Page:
California and Uber's Tricky Relationship
The well-known ride-sharing company, Uber, is making headlines again. After a struggle with the state of California, Uber notoriously packed its self-driving vehicles up and went to Phoenix, Arizona, setting up a location in addition to Pittsburgh, Pennsylvania for the company's self-driving initiative. This time, it's about the company's return to California streets with self-driving cars.
Uber finally applied and received a permit from the California Department of Motor Vehicles that allows the testing of two Volvo SUVs on public roads. In addition, 48 backup drivers were approved by regulators, requiring them to sit behind the wheel in the event of a mishap with the autonomous vehicles.
When a State Means Business
The $150 permit seems to be an olive branch of sorts, resolving the issues from late 2016 when Uber introduced a pilot program of more than a dozen autonomous vehicles in San Francisco without consulting state regulators. While Uber claimed that its cars did not meet the state's definition of "autonomous vehicles" because they need a person present to monitor the car in case an intervention is needed, legal authorities felt differently when faced with Uber's malfunctioning AI. Without the permit, the state revoked the license of the 16 autonomous cars from Uber's pilot program.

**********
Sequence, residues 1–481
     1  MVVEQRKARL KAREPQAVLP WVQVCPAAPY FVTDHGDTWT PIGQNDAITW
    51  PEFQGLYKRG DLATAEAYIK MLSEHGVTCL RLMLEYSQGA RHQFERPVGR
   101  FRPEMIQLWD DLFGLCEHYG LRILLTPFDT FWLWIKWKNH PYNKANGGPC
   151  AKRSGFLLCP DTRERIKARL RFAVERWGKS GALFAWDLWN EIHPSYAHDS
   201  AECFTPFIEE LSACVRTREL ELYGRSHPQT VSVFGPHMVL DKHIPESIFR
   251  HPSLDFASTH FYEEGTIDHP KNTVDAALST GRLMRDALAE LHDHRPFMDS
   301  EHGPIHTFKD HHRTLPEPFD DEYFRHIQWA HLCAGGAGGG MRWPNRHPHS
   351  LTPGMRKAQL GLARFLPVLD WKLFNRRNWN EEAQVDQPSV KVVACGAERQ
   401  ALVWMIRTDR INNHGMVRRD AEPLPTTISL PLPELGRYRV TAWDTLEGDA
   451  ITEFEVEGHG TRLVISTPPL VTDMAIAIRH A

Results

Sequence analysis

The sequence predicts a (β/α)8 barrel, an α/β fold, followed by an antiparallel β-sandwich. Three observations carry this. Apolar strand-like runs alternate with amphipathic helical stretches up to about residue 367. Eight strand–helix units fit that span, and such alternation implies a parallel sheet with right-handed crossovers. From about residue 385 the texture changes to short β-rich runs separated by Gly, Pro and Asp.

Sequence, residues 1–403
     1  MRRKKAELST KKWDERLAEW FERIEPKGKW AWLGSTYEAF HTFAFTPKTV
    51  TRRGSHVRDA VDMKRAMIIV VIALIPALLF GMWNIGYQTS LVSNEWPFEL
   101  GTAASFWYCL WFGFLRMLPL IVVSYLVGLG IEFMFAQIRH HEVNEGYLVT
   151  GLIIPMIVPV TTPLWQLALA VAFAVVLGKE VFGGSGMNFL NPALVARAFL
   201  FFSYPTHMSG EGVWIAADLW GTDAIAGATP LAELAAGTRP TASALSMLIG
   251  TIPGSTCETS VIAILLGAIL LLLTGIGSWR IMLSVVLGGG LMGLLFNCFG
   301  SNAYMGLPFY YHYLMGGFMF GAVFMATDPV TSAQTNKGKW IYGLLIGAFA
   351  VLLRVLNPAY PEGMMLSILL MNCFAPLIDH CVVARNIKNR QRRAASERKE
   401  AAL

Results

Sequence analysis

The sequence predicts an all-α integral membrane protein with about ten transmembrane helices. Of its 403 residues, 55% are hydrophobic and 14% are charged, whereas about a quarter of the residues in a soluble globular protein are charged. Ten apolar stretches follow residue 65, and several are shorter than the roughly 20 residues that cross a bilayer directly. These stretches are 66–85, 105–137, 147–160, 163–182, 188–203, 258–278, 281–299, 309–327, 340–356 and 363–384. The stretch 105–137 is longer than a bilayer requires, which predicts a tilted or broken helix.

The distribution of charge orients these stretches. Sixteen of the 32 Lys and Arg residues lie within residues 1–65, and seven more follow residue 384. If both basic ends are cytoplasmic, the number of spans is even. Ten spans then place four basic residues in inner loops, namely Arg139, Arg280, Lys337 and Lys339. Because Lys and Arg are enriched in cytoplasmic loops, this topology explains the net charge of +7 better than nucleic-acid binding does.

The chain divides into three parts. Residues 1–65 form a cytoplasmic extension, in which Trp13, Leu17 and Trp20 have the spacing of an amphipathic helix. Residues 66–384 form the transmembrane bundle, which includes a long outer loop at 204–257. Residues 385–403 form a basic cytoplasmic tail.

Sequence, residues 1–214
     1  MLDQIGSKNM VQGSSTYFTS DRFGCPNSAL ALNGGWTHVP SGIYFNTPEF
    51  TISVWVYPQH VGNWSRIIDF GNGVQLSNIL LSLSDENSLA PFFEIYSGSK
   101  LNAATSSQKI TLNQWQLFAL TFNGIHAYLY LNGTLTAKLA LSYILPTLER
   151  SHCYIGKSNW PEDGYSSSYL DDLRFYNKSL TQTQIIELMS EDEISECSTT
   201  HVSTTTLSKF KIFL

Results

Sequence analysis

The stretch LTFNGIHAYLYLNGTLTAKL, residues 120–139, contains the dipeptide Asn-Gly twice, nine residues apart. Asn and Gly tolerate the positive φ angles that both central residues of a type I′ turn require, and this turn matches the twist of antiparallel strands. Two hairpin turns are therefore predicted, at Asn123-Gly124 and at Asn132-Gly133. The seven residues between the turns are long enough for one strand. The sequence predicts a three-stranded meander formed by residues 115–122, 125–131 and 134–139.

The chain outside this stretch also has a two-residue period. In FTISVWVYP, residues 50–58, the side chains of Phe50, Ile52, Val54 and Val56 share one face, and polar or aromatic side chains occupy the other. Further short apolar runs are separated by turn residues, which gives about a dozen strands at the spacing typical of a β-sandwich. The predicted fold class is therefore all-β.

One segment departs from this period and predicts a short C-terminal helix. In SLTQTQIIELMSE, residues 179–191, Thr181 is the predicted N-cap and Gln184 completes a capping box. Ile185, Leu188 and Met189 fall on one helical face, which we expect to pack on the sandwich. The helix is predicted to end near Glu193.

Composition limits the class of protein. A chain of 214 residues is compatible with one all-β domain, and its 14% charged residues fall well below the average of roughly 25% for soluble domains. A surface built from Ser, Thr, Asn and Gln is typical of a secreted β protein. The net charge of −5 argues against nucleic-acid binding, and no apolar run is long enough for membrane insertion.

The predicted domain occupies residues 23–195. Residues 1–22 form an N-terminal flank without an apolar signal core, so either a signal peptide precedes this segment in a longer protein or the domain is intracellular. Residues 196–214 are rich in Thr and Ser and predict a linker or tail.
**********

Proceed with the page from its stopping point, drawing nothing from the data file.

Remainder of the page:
Uber is now the 26th company to hold a permit to test self-driving vehicles in the state of California. However, the company won't be offering driverless rides just yet, and it's not clear when passengers will be able to hitch a ride with one of them.
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